Since the start of the current crisis affecting the aviation industry, the Lufthansa Group has been very transparent about the current state of its fleet. Today the group released a complete summary of all of the aircraft retired as a result of the crisis. The outline came in the group’s delayed Q1 results.
As the leading airline in the Lufthansa Group, it makes sense to start by looking at the aircraft that Lufthansa has retired. Yesterday we reported that the German flag carrier is to begin sending the first of five permanently retired Boeing 747s to The Netherlands.
While the airline has sent seven Airbus A380s to Teruel, a Spanish aircraft graveyard, it maintains that only six have been retired at this point. These six aircraft had already been sold back to Airbus and were due to be transferred to the manufacturer in 2022 and 2023.
Interestingly, the carrier previously announced that seven of its Airbus A340-600s had been retired. Indeed, 16 out of 17 aircraft have been sent to Teruel. However, in its Q1 report, the group did not refer to retired A340-600s. Instead, it said that the 17 aircraft were to be grounded for at least 12-18 months.
In terms of its short-haul fleet, Lufthansa has cut 11 Airbus A320 aircraft from the fleet. As such, capacity at both Frankfurt and Munich will be down.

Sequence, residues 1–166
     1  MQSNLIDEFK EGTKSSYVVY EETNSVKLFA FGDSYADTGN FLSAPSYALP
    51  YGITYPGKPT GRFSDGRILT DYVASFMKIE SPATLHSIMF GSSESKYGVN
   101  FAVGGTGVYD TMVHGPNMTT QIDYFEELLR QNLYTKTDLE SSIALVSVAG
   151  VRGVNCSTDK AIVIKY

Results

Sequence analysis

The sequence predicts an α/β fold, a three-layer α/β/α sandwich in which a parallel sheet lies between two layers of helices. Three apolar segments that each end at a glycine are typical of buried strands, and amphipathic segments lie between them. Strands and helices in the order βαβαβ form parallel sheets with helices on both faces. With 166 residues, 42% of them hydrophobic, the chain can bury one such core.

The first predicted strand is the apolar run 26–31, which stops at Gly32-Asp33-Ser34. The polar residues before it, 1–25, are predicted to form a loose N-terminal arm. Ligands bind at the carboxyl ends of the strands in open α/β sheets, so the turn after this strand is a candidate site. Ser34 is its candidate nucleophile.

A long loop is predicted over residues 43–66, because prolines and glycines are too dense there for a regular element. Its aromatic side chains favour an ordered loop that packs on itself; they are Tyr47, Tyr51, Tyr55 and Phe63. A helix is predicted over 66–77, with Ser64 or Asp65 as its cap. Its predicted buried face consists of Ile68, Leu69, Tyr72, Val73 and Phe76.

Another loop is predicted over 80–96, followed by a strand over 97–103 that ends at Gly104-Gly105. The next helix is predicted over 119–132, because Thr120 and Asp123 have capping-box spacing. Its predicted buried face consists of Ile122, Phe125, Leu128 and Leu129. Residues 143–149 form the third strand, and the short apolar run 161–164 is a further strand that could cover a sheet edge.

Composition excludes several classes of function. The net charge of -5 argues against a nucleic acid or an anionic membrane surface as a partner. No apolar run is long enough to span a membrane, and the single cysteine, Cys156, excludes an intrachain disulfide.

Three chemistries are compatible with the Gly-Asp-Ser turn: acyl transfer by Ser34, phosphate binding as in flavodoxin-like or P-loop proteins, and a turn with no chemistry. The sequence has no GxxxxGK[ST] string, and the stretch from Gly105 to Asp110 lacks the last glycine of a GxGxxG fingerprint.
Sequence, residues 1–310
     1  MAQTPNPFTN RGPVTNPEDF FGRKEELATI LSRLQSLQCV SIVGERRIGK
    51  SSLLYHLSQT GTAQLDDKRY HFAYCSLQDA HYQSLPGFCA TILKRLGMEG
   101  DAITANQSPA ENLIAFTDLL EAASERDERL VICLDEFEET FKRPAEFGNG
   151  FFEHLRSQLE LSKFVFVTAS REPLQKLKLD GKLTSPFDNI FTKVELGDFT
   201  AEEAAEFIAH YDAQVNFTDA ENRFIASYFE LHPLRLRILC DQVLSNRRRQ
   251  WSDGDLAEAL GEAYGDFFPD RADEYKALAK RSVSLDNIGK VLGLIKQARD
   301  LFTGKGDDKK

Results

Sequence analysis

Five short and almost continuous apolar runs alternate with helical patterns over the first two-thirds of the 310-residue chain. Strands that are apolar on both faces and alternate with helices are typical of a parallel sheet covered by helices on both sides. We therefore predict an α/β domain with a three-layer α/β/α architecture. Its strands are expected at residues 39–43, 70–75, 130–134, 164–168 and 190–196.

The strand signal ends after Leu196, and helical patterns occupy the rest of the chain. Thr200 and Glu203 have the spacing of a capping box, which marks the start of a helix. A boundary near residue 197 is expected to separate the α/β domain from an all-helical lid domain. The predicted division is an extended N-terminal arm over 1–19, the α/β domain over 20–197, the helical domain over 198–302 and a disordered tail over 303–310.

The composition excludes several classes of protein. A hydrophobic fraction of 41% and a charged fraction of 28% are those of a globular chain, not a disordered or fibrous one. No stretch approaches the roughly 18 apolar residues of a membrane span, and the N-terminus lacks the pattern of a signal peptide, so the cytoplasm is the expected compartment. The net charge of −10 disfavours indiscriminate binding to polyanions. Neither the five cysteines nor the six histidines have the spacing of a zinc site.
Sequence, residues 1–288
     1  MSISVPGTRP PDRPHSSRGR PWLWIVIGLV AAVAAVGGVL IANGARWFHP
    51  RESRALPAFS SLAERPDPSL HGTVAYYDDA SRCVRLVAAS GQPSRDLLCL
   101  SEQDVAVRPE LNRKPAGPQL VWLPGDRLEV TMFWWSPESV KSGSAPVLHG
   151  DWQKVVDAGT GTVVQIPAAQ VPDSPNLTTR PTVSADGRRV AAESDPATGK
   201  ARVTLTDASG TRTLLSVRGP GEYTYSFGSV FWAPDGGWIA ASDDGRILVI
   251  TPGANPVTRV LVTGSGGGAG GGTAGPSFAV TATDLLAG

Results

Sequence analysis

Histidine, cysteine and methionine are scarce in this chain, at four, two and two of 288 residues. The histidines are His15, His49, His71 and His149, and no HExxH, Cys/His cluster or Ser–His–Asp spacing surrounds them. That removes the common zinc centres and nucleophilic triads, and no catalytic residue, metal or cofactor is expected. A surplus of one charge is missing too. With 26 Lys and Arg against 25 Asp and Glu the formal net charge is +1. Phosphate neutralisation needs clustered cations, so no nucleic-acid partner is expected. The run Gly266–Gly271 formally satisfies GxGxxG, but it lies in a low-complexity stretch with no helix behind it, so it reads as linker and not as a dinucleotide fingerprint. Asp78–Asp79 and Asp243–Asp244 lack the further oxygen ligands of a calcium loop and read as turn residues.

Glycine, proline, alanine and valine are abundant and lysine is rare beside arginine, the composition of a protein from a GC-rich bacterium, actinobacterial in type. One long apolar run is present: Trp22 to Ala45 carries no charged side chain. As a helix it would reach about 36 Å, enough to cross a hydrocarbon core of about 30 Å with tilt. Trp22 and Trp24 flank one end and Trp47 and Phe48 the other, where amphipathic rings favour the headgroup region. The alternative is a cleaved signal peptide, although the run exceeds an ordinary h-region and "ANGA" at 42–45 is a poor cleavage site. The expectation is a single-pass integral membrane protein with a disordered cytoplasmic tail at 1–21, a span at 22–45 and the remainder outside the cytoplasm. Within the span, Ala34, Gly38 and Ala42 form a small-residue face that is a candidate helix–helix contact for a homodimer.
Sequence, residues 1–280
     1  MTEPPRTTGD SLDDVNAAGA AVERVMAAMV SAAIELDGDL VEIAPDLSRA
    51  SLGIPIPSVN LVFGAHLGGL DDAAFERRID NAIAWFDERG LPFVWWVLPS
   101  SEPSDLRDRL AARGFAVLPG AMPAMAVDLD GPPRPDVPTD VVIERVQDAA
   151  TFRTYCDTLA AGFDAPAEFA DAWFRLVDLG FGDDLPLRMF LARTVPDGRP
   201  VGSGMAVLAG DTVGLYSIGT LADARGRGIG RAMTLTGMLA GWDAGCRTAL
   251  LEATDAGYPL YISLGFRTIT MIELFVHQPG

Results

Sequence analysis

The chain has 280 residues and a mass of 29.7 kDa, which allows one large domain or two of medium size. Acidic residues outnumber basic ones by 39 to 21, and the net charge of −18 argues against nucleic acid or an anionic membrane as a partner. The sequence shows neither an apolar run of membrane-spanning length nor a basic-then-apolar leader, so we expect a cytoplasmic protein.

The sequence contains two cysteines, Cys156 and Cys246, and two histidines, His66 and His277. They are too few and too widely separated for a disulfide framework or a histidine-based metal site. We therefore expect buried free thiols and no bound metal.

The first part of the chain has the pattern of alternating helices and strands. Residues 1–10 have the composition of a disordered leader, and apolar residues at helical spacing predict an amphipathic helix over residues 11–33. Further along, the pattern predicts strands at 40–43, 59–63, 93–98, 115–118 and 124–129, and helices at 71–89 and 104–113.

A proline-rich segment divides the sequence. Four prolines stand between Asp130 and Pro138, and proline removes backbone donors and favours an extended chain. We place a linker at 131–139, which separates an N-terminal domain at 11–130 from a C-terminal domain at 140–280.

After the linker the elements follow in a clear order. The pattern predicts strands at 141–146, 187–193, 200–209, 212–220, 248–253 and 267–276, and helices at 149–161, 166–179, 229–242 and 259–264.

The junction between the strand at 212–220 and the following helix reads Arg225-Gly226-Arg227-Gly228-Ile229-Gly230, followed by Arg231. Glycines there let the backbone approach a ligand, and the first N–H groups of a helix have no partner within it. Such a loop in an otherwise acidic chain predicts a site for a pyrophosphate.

Austrian Airlines retirements
Austrian Airlines is also retiring some aircraft from its fleet. Indeed, the airline will be saying goodbye to three of its six Boeing 767 aircraft. These three aircraft are some of the oldest in the Lufthansa Group fleet.
On a short-haul basis, the airline will say an early goodbye to 13 Bombardier Dash8-400 aircraft. The group says that all 16 of these aircraft have already been retired.
Retirements have been alluded to at both Brussels Airlines and SWISS. However, the Lufthansa Group is yet to advise precisely which aircraft will be the subject of such retirements.
Concerning SWISS, the group is looking to postpone the delivery of new short and medium-haul aircraft to keep the fleet size down. Earlier this year, the airline took delivery of its first A320neo.
However, SWISS is also reviewing the early retirement of some of its older aircraft. According to Planespotters, three fleets look like apparent candidates for retirement given their age:
- 6x Airbus A321-100s with an average age of 23.4 years;
- 19x Airbus A320-200s with an average age of 19.7 years;
- 10x Airbus A340s with an average age of 16.6 years.
Brussels Airlines retriements
Again, Brussels Airlines is yet to reveal precisely which aircraft have been retired. However, unlike SWISS, we do know that 30% of the fleet will be cut. Most of the Brussels Airlines fleet has an average age of around 15 years old.
However, two aircraft stand out as obvious candidates for retirement. Both OO-SFT and OO-SFZ. These Airbus A330 planes have ages of 20.9 years and 21.5 years, respectively, making them prime choices for retirement. The airline also has some older Airbus A319 aircraft, which could be cut.
Eurowings so far seems to have been the least affected by fleet cuts. Indeed, the Lufthansa Group financial report simply states:
“Eurowings will also further reduce the number of its aircraft.”
Again, the airline’s oldest aircraft are Airbus A319 aircraft. These could potentially be cut from the fleet.
Which aircraft leaving the Lufthansa Group fleet will you miss most? Let us know your thoughts in the comments!